David Richwine was born in Cumberland, Pennsylvania in 1838. He worked as a laborer on the Sibe family farm near Monroe, Cumberland County by age 13, according to the 1850 census. He eventually became a miller in Carlisle, where he met Anna M. Hoffman. They married on December 12, 1858 in the Second Presbyterian Church of Carlisle. Reverend W.W. Eells performed the service. Their daughter, Mary Catherine, was born six months later.

Like many of his neighbors, David joined a local militia unit at the outbreak of the Civil War. He enlisted as a private in Company H, 1st Pennsylvania Reserve in Carlisle on June 8, 1861. When the regiment was ordered to Baltimore for federal service the week after the first Battle of Bull Run, David was one of twenty men in the company who refused federal service. He remained in Carlisle working as a miller. A son, Edwin, was born in November.

David’s feelings apparently changed after the war came to Carlisle during the Gettysburg campaign. Lieutenant John Johnson enlisted him into Company D, 1st U.S. Cavalry on August 31, 1863. His enlistment documents describe him as 5’7” tall, with blue eyes, brown hair and a fair complexion. His 1st Cavalry squadron, comprised of Companies D and G, arrived at Carlisle the previous month to reconstitute following service in New Mexico since the beginning of the war. In October the squadron moved to Camp Buford at Giesboro Point, Maryland, where it was armed and equipped. On November 6th it departed to rejoin the regiment.

David took to cavalry life well, earning a promotion to corporal before active campaigning resumed in the spring. Sickness struck him in February, eventually requiring evacuation to a hospital in Washington, D.C. until mid May. He returned to the regiment and escaped harm during the heavy fighting at Cold Harbor and Trevillian Station.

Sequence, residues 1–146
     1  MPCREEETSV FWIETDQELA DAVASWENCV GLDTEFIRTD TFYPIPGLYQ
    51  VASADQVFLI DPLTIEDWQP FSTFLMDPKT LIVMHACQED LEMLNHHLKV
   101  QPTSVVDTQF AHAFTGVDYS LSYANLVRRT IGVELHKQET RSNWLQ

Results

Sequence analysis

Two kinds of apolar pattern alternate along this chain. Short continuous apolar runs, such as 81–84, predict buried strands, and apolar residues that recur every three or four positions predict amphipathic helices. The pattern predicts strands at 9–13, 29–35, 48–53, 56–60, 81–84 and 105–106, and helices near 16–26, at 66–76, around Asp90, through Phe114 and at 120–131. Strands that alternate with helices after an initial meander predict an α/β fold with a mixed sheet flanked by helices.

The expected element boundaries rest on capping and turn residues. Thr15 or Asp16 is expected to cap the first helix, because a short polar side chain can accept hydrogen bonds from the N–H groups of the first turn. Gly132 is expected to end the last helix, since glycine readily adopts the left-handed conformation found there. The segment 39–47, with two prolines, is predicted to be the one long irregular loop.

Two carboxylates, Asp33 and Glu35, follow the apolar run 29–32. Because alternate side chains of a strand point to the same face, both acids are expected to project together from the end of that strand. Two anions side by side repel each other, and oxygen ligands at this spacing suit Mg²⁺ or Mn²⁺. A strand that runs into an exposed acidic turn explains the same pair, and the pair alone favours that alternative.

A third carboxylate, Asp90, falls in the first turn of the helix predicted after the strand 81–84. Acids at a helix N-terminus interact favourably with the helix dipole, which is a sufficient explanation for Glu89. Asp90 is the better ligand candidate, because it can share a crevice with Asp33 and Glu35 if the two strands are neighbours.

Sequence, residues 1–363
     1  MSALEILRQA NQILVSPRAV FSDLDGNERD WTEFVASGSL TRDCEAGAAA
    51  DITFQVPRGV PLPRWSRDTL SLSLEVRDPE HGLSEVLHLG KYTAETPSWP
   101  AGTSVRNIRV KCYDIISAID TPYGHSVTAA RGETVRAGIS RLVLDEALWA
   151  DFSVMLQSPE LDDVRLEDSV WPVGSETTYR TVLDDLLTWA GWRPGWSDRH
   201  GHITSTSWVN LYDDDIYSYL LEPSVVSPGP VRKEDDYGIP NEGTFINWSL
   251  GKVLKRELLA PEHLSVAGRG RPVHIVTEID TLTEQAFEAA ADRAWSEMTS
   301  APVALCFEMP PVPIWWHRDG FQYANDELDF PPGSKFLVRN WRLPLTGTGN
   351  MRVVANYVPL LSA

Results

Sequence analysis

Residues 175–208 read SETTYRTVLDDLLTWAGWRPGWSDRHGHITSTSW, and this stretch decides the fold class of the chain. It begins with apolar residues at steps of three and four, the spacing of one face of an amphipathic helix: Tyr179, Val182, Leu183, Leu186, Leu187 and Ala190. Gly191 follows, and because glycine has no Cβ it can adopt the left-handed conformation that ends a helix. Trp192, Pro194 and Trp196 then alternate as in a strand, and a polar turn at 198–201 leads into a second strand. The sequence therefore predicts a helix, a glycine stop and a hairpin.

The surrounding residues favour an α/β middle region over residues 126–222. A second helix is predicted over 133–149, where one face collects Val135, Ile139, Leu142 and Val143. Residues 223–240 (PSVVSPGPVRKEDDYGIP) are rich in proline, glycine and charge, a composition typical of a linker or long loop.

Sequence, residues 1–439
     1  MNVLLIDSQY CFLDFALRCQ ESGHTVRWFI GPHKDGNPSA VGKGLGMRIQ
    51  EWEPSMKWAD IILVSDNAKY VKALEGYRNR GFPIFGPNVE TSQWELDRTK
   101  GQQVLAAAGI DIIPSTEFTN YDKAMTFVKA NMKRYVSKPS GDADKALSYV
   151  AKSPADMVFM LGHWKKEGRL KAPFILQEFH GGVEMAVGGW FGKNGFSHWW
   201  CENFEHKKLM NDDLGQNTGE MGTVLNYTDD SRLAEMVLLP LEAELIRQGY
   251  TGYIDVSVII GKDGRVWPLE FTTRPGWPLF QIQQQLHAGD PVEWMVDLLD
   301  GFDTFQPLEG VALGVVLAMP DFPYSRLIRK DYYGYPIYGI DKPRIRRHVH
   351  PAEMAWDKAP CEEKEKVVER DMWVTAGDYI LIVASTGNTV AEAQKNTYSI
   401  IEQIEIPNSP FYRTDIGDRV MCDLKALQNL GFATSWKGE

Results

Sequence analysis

The regiment embarked on ships for the initial stage of their journey to the Shenandoah Valley at the beginning of August 1864. Near Fort Washington, Maryland, Corporal Richwine was kicked overboard by a horse and drowned in the Potomac River.

Anna submitted her pension application, which was promptly approved. She received $8 per month, and each of the children $2 per month until age 16. When she remarried in 1867, her new husband’s brother was appointed guardian of the children, and their monthly rate increased to $8 per month each until they turned 16.

Leroy S. Elbert, 3rd U.S. Cavalry


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Leroy S. Elbert was born in Logan County, Ohio on September 4, 1837. His parents moved to Iowa early in his childhood. His father, a prominent doctor, convinced Senator Andrew Hall to nominate Leroy to West Point from Iowa in January 1857. Leroy joined his class there on July 1, 1857.

Elbert graduated  near the bottom of the June class of 1861, only six places ahead of George Custer . He was assigned to the Regiment of Mounted Rifles as a brevet second lieutenant upon graduation, all vacancies in the regiment being full at the Adjutant General’s office. Due to the chaos caused by so many officers resigning and declining appointments, however, he was promoted very rapidly. By the time the smoke cleared with General Order #62 from the Adjutant General’s Office in August, Leroy received his appointment, promoted to second lieutenant in Company L and first lieutenant in Company E effective the day of his graduation, June 24, 1861. Over two years would pass before he joined his regiment.  

First Lieutenant Elbert remained very active in the meantime. Since his regiment was in New Mexico, Leroy hurried directly to Washington, D.C. immediately after graduation like most of his class. He participated in the Manassas campaign and worked through the winter of 1862 drilling troops and seeking a staff position. Since his company was disbanded following the surrender at San Augustine Springs, he saw no compelling need to join his regiment in New Mexico and had no orders to do so.